The third is themed around a bear that is inexplicably a character in a game about a worldwide fighting tournament. How does a bear enter a fighting tournament? Who's filling out the paperwork for this bear? How is this bear paying for the flights to all these exotic locations?

Chris and I both play bears to celebrate – I a grizzly, he a panda – and knock the shit out of each other onscreen, oversized arcade controllers balanced on our laps. The PRs are drinking sometimes too, but careful not to take any eyes off us. We're very much being shown a good time.

At one point we are handed a full pint of Chambord-laced whipped cream (no kidding -- check out the photo) and we foolishly, drunkenly, try our best to drink it. Our façade is crumbling. We are cracking jokes with one another. We are referencing in-jokes that two men who met an hour and a half ago would be hard-pressed to develop in that time.

A PR tries to tell us about the combo system but Chris has an enormous whipped-cream moustache and I can't push the buttons properly for laughing at his stupid face.


We stand between some racks of coats hanging up in the corner of the shop. We have had almost enough champagne. Occasionally women carrying additional champagne walk near us and we look as thirsty as we can at them, in an attempt to blag some more.

“What do you reckon she does?” asks Chris, pointing at a woman in a beanie hat and a baseball jacket. We've been playing Guess People's Jobs for about fifteen minutes, now.

“I reckon she works for Vice,” I respond.
“Yeah. Yeah. Vice. That'll be it. That explains the hat.”
“What about him? Reckon he's a journo?” I nod at a man with an orange shirt and a pricey haircut.
“He's a journalist. But his Dad owns the mag.”
“Wait. I want that man's hair. I have to have that man's hair. Look at his hair.”

Chris didn't get a picture of the man's hair, but he did snap this excellent shot of the back of pop singer Pixie Lott's head. If you're interested in buying or licensing Chris's stunningly hi-res and crystal clear smartphone images, please get in touch and we can discuss royalties

The man in question has incredible hair: wavy, styled, salt-and-peppering into grey at the front. He looks like he makes the best cocktails in the world. I want his hair too. Everyone in the room wants his hair. Cameras flash at his approach. This is George, Aforementioned George, who proceeds to walk over to the DJ booth and start playing enjoyable but maybe-too-loud club classics whilst trying to simultaneously a.) throw his hands in the air and b.) maintain the impression that he just doesn't care. It's a sort of high-energy nonchalance that doesn't quite come off, sorry to say, Mr. Lamb.

Two people dance in the centre of the room; in the centre of this room full of people and moderately-priced highstreet menswear. One of them is carrying a microphone and followed by a cameraman; he's throwing himself into this, he's experienced at this sort of thing, he's charming the celebs – at least, the people who I assume are celebs – and opening them up, getting some quotes, creating some content. He's twice the journalist I'll ever be, and he's wiggling his bum in the air to out-of-date music in the middle of a fucking clothes shop.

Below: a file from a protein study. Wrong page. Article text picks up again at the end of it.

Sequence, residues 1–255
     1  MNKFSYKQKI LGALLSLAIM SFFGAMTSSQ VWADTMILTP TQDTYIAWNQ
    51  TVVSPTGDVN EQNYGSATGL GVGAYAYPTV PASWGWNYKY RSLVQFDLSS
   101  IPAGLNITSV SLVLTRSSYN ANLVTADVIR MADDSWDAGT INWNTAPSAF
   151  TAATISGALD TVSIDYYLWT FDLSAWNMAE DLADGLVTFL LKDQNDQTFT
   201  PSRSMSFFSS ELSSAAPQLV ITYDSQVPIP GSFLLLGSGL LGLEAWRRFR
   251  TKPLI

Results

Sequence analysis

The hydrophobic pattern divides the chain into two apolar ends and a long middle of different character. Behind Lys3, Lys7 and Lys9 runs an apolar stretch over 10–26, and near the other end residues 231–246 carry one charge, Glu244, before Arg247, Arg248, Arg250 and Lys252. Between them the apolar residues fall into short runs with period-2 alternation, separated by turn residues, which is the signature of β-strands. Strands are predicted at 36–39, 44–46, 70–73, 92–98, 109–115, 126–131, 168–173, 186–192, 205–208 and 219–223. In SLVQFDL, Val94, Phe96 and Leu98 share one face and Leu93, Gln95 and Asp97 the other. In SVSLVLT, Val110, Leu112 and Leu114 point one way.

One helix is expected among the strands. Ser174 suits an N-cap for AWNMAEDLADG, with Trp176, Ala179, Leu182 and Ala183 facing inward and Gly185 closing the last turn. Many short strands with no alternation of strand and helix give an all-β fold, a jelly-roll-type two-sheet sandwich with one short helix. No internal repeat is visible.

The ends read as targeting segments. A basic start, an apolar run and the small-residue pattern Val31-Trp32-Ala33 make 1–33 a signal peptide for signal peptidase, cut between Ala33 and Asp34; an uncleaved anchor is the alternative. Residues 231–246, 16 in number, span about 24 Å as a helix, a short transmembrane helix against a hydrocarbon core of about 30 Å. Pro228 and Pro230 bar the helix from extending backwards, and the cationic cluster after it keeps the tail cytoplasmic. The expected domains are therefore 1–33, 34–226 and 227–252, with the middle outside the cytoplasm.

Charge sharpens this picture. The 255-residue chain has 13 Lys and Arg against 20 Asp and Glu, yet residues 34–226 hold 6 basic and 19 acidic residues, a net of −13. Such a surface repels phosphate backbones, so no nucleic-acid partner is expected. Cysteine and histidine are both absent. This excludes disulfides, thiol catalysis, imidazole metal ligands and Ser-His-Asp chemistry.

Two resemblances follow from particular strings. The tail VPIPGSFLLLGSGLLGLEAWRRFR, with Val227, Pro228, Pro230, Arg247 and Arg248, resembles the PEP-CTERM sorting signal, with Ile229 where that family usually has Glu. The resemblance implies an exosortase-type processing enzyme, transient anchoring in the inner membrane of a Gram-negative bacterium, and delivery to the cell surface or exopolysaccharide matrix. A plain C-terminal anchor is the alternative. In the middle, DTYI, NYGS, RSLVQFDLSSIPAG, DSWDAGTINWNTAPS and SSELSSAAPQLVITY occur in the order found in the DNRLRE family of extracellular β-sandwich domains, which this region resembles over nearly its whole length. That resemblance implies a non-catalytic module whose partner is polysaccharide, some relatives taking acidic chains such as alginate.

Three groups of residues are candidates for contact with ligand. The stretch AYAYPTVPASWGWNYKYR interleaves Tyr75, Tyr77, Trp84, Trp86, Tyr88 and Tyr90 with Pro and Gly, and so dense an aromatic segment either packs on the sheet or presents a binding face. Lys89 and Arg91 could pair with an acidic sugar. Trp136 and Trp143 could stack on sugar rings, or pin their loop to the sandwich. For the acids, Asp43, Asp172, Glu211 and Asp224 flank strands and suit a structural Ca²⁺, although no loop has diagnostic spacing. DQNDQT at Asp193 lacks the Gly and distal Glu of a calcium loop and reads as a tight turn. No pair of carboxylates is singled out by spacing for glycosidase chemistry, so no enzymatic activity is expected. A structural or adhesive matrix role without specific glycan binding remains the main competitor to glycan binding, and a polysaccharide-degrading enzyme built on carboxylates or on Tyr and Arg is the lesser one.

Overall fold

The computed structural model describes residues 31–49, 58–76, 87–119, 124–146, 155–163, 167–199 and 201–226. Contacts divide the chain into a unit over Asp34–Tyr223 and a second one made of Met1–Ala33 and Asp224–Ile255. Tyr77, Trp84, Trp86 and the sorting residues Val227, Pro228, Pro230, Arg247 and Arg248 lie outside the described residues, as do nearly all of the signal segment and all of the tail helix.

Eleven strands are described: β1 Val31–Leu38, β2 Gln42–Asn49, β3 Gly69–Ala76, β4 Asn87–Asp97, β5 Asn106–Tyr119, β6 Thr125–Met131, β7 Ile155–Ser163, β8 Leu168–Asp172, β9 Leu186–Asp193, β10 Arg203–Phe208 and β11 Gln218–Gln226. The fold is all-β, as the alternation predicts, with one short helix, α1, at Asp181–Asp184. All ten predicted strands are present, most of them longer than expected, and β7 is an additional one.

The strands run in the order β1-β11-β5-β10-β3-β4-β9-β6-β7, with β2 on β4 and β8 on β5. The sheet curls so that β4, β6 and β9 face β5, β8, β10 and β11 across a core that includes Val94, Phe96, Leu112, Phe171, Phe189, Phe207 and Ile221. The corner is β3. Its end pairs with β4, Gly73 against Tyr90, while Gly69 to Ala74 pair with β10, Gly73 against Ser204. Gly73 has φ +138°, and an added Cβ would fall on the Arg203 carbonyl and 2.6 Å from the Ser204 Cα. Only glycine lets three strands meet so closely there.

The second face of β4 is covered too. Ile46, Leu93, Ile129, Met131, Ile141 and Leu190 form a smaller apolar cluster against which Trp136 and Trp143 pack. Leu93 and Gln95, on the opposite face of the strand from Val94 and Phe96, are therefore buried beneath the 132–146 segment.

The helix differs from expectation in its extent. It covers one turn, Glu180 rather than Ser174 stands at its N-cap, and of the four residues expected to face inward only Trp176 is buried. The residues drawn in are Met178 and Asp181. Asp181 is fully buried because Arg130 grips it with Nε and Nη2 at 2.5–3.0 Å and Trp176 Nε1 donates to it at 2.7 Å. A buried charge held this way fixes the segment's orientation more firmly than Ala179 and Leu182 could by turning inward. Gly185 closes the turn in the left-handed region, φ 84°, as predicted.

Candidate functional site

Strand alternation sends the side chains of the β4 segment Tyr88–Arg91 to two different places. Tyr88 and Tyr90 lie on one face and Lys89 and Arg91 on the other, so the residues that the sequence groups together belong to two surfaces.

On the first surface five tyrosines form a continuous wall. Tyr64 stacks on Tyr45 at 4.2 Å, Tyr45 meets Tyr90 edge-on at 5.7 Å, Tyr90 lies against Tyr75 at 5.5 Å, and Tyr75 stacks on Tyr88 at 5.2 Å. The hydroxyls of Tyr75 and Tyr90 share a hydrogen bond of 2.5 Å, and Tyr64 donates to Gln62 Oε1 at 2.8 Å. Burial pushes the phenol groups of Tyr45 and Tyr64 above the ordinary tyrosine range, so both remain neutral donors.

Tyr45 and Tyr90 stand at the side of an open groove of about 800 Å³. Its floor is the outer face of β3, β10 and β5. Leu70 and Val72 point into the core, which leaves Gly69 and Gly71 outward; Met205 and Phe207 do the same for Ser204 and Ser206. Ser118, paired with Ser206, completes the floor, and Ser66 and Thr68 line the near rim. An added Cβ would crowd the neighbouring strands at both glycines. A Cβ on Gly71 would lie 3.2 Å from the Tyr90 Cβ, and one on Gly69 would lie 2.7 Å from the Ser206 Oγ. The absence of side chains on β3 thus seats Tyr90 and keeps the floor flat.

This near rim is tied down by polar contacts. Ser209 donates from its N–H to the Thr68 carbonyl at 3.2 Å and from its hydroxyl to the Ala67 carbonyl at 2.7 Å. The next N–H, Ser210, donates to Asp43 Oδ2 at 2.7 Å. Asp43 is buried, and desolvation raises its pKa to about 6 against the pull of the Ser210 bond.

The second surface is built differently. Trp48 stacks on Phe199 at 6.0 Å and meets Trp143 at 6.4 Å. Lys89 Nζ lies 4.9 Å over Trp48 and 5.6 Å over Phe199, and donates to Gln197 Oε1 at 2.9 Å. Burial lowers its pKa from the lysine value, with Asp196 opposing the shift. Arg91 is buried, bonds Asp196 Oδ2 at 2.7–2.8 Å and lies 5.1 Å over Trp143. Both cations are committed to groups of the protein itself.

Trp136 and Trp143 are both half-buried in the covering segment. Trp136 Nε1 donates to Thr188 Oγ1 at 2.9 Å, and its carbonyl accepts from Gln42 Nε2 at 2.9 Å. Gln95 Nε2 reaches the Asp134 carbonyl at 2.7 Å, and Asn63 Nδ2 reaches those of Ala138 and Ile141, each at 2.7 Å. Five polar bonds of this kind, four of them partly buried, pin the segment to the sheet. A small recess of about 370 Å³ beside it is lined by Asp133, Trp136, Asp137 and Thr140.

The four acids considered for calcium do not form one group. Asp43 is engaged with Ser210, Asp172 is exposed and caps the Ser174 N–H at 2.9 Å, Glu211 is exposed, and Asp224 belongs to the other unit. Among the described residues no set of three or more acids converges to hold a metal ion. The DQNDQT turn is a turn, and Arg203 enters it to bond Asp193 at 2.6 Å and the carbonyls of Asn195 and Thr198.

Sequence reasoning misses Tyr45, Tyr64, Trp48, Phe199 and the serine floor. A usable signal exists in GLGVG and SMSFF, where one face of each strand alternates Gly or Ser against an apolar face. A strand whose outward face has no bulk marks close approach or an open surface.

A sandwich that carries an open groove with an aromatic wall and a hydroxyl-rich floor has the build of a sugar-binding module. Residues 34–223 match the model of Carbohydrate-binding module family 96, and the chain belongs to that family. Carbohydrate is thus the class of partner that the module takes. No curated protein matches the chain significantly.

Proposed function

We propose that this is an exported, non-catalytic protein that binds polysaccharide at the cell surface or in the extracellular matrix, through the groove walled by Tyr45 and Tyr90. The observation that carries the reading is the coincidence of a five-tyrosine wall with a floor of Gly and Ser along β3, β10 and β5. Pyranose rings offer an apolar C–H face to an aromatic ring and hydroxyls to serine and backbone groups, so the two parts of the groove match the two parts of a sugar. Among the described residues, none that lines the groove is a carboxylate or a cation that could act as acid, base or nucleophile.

“You can take home some of the drinks, if you want,” says the PR as we put our coats on and get ready to go home. “We've paid for them already and we can't leave them in the office, really.” I grab a half-bottle of vodka and Chris takes what remained of the sake.
We thank the PRs – I briefly remember we're supposed to be strangers, and ask Chris what tube line he's getting home as though he's not coming straight back to my house to eat takeaway pizza and then fall asleep on my sofa – and say our goodbyes: "Excellent night." "Thanks all round." 'I'll let you know when the article's up." "Many thanks." "Have a good evening." "See you later." And so on.

We take the lift all the way down to the ground floor.

“So,” I say as we hit the street, igniting a cigarette and taking a drag. “Perfect Crime?”

He smiles at me and cracks the top off the sake before sucking down a mouthful of the stuff.

“Perfect Crime."

It's time to leave. We ask if there's a spare goody bag going, but they're still getting them ready, so we go to a nearby McDonald's and order a McGangBang each before returning to pick one up. Here is a McGangBang; it is a Chicken Filet Burger wedged messily inbetween the layers of a Double Cheeseburger and eaten messily whilst trying not to think of what your parents must think of you now.

We walk back in half an hour later through a crowd of paparazzi waiting outside; grab a bag containing one (1) set of headphones and no information about any of the others available, and walk away.

“Are you drunk yet?” I ask Chris.
“Not yet.”
“Me neither. Let's... let's find a pub.”



Top image credit: Panasonic

Grant previously wrote about attending the Panasonic Toughpad conference, hungover and scared.